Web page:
15 Center and Harvard Medical School.
16 DR. HONEIN: I am Peggy Honein. I am an
17 epidemiologist with the Birth Defects Center at the
18 Centers for Disease Control and Prevention.
19 DR. COHEN: Mike Cohen, I am a pharmacist
20 with the Institute for Safe Medication Practices,
21 and I am with the Drug Safety and Risk Management
22 Advisory Committee.

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1 DR. WHITMORE: Beth Whitmore, I am in


2 private practice in Wheaton, Illinois.
3 DR. SHAPIRO: Robyn Shapiro, I am
4 Professor and Director of the Center for the Study
5 of Bioethics at the Medical College of Wisconsin,
6 and I am on the Drug Safety and Risk Management
7 Advisory Committee.
8 DR. EPPS: Roselyn Epps, Chief of the
9 Division of Dermatology in Children's National
10 Medical Center, and also a member of the
11 Dermatologic and Ophthalmic Drugs Advisory
12 Committee.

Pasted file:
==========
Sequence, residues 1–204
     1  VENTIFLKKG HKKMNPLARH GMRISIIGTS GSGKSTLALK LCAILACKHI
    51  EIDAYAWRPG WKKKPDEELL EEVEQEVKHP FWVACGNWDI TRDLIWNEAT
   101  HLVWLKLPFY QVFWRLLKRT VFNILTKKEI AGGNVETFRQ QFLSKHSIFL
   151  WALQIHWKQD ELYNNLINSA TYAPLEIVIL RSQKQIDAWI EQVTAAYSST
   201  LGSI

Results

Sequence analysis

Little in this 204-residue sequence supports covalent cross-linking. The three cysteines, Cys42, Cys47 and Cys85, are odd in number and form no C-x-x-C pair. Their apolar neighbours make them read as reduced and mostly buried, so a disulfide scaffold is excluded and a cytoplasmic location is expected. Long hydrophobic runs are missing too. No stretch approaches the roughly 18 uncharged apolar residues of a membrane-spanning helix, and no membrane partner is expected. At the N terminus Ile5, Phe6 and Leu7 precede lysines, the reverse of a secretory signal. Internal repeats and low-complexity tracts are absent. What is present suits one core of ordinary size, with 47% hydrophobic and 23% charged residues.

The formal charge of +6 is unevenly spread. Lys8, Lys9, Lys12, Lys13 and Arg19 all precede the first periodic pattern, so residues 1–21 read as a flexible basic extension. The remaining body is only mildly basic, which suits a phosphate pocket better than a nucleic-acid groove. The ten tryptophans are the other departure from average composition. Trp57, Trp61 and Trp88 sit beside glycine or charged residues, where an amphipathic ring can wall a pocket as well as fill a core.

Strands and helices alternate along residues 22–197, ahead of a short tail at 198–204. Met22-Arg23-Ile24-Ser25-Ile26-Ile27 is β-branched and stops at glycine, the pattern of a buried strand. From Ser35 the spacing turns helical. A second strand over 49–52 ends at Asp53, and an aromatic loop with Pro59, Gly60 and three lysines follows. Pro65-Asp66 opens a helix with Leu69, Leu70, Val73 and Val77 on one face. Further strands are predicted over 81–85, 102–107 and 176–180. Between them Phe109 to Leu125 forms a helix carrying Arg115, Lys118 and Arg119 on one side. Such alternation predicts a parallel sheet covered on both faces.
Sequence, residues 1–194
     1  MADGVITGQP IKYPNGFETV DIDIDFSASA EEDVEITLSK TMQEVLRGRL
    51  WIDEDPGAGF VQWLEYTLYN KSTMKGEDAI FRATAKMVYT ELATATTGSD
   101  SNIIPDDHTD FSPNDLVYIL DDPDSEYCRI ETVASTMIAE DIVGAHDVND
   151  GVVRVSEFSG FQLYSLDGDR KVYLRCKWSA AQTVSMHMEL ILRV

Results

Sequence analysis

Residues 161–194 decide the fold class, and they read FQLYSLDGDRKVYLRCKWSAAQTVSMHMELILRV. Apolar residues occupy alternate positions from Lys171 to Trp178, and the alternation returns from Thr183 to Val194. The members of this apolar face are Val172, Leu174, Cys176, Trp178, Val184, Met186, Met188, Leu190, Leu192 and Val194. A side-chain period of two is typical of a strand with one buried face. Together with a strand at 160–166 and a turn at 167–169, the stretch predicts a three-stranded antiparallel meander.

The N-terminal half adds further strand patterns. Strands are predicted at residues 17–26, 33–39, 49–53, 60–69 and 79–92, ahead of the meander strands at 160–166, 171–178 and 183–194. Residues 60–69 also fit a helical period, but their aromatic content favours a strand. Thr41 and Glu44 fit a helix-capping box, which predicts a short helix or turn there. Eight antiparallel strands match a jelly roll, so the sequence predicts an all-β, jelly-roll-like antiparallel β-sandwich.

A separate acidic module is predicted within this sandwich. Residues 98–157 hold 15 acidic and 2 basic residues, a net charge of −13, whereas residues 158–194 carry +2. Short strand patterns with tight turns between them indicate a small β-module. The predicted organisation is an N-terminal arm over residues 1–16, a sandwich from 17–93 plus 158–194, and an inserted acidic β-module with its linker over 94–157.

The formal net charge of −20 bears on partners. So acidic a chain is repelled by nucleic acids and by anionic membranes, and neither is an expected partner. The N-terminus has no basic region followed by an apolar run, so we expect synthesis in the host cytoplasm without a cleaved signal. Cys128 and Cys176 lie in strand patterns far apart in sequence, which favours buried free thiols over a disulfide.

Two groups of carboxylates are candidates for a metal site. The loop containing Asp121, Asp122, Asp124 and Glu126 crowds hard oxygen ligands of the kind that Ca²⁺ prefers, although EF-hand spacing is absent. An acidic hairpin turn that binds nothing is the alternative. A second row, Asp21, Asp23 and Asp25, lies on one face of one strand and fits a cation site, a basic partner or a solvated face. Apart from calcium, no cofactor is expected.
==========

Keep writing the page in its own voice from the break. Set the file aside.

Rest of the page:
13 DR. SCHMIDT: I am Jimmy Schmidt, in
14 clinical practice from Houston, Texas and I am on
15 the clinical faculty of University of Texas and
16 Baylor Medical School.
17 DR. CRAWFORD: Good morning. Stephanie
18 Crawford, Associate Professor, University of
19 Illinois at Chicago College of Pharmacy, and I am a
20 member of the Drug Safety and Risk Management
21 Advisory Committee.
22 DR. GROSS: Thank you all, and now I would

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1 like to ask Shalini Jain to read the conflict of


2 interest statement.
3 Conflict of Interest Statement
4 MS. JAIN: The following statement
5 addresses the issue of conflict of interest with
6 respect to this meeting, and is made a part of the
7 record to preclude even the appearance of such at
8 this meeting.

9 The topics to be discussed at today's

10 meeting are matters of broad applicability. Unlike
11 issues before a committee in which a particular
12 sponsor's product is discussed, issues of broad
13 applicability involve many sponsors and their
14 products. All FDA participants have been screened
15 for their financial interests as they may apply to